would likely create more problems than it would solve.  There are several reasons that I believe this:

          1. It would likely open the floodgates to other amendments on the question of citizenship, including revisiting the issue of whether those born her to undocumented immigrants should be citizens.  The right desperately wants to do this already, but there is little active support for it outside pretty extreme right-wing circles right now.  I think this would be a disaster, as it would create a permanent class of non-citizens who had no real connection to any other country, but who weren't fully considered members of this society.  As a Chinese-American friend of mine whose father rose to a pretty high government position, and whose entire family is quite successful, once said, "Given the fact that nobody who was Chinese could legally immigrate here when my ancestors got here, I'm sure glad they didn't pass that amendment before I was born."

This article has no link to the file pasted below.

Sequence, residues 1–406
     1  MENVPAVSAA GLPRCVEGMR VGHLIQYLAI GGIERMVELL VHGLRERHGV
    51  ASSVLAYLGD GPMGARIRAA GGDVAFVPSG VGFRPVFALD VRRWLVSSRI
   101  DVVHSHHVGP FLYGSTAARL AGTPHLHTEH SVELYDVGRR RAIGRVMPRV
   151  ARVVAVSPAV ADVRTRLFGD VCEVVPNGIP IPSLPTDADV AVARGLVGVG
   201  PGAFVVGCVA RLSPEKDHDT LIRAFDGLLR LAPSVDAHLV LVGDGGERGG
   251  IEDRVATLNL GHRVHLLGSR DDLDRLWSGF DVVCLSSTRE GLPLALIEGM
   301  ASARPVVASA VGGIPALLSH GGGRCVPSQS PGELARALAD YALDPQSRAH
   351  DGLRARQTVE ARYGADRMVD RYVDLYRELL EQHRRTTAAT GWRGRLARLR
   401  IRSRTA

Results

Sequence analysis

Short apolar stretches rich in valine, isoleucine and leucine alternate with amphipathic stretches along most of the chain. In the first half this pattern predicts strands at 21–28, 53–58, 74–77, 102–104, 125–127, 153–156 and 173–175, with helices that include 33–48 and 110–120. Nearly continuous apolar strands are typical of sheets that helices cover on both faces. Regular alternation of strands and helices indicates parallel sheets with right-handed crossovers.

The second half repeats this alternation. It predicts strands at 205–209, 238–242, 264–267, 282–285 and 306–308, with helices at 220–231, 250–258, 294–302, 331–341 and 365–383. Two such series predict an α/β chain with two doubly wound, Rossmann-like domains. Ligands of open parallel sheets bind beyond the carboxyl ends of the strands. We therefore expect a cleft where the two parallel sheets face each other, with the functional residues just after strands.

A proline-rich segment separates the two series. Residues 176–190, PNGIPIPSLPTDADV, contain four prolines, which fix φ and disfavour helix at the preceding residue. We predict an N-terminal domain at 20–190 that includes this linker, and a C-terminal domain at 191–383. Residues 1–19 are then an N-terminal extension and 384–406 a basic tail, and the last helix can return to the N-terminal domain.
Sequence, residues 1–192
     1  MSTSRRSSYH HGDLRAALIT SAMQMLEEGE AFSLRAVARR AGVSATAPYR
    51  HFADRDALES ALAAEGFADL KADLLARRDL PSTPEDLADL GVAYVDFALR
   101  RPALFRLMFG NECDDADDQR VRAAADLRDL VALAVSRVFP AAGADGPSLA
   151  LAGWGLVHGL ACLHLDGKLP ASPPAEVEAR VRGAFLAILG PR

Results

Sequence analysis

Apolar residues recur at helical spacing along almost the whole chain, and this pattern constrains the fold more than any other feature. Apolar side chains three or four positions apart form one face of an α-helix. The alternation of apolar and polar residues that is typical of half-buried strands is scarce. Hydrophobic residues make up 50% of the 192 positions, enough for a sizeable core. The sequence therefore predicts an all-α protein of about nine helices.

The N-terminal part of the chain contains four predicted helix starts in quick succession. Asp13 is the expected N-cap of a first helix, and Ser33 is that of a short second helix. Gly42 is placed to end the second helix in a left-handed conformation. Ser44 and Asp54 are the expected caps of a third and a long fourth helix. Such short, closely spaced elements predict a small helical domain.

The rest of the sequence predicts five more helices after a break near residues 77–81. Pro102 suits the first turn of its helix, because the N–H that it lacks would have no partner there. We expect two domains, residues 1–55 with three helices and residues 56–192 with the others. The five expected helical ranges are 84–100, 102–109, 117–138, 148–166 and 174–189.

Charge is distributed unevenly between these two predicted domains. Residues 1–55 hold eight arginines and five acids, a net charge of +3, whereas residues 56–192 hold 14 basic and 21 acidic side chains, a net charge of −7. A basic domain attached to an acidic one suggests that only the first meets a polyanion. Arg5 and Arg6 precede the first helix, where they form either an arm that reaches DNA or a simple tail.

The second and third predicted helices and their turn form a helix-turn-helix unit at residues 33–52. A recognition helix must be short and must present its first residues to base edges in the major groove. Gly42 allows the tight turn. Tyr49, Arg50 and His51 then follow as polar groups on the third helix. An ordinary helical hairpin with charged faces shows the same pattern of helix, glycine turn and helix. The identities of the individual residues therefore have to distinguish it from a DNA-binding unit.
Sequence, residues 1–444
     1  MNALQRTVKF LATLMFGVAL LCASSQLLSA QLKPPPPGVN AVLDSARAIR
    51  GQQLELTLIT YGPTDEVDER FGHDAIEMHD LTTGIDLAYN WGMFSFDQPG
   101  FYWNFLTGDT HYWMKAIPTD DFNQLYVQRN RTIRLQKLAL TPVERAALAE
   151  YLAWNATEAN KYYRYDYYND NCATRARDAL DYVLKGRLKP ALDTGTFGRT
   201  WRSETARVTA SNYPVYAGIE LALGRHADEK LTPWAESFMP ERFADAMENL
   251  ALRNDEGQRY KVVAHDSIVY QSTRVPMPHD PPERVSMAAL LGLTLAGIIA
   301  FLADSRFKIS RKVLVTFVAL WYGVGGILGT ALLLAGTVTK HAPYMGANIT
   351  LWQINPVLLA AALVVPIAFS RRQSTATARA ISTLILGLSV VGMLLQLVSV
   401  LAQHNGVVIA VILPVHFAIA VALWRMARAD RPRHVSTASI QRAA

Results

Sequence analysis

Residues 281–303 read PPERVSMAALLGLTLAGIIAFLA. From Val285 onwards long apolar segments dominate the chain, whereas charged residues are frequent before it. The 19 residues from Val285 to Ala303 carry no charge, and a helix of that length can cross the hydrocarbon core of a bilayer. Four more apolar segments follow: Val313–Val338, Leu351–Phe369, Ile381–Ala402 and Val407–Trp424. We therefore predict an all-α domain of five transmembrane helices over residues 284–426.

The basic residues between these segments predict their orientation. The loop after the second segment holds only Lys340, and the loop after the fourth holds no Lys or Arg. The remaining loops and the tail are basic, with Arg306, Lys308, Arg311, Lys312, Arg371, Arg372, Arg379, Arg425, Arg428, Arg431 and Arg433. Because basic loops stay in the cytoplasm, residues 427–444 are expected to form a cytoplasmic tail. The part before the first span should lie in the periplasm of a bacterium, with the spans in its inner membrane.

1. There are ALWAYS going to be situations in which there is some glimmer of ambiguity about virtually any constitutional standard.  I'll bet that for any constitutional definition of "natural born citizen" somebody could come up with, I could come up with some hypothetical situation in which it was at least arguably unclear whether the person was a "natural born citizen."

          "Those who would sacrifice liberty for security deserve neither liberty nor security." -Ben Franklin

          by leevank on Tue Jun 17, 2008 at 04:51:36 AM PDT

          [ Parent ]

    •  At first I thought you (0+ / 0-)

      were pointing to your sig, and saying that the two kinds of citizens are those who would sacrifice liberty for security and those who wouldn't. :)

      AC McSlater = 4-8 More Years of Zach W. Morris

      by BlueEngineerInOhio on Mon Jun 16, 2008 at 08:18:46 PM PDT

      [ Parent ]

Subscribe or Donate to support Daily Kos.

Click here for the mobile view of the site